painting is a multi-layered work of art, where knowledge regarding one of those layers can reveal a great deal about the painting as a whole. Cross-section analysis allows detailed investigation of the ground layer, imprimatura layer, underdrawing, paint layer and varnish layers which can provide important information on the chosen materials and the technique of the artist, as well as materials used in previous restorations. The analysis of small details can therefore lead to successful attributions and appraisals of a work of art and help determine its geographical origin. For instance, discovering chalk, charcoal and lead white pigment in the imprimatura mix of one of many versions of the Bird Trap by P.Brueghel II (as well as analysis of the underdrawing, ground and paint layers) led experts to conclude that the work in question was in fact painted by the artist himself, as opposed to a student or contemporary copyist.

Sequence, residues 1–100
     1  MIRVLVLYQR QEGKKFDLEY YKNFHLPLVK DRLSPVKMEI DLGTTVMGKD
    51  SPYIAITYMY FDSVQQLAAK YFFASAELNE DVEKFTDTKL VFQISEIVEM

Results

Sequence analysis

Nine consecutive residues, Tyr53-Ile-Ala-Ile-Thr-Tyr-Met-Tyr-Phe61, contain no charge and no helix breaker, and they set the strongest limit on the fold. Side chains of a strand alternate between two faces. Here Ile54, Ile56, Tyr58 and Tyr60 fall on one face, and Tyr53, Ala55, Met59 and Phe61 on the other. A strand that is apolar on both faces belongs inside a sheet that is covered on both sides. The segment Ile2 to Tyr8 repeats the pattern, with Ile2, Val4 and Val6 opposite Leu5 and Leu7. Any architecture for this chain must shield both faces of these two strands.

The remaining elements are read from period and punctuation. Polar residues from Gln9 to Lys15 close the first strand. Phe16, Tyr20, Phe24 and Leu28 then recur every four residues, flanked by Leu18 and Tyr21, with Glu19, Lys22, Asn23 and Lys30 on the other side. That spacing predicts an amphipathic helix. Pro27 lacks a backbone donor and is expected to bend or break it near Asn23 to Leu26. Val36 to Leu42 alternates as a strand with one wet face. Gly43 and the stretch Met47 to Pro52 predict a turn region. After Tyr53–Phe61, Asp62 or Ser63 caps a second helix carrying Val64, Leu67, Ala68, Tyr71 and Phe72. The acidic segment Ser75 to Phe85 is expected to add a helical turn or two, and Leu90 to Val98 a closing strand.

Cross-sections are made by embedding tiny samples in polyester- or acrylic resins, which are then polished repeatedly to get a higher degree of detail. The use of SEM-EDX (scanning electron microscope) yields high resolution images of the surface topography, which are produced using a highly-focused, scanning electron beam. The smallest detail that can be seen on a SEM image is 4-5 nanometer (millionth of a millimeter).
SEM-EDX analyses of cross-sections is done at an external location.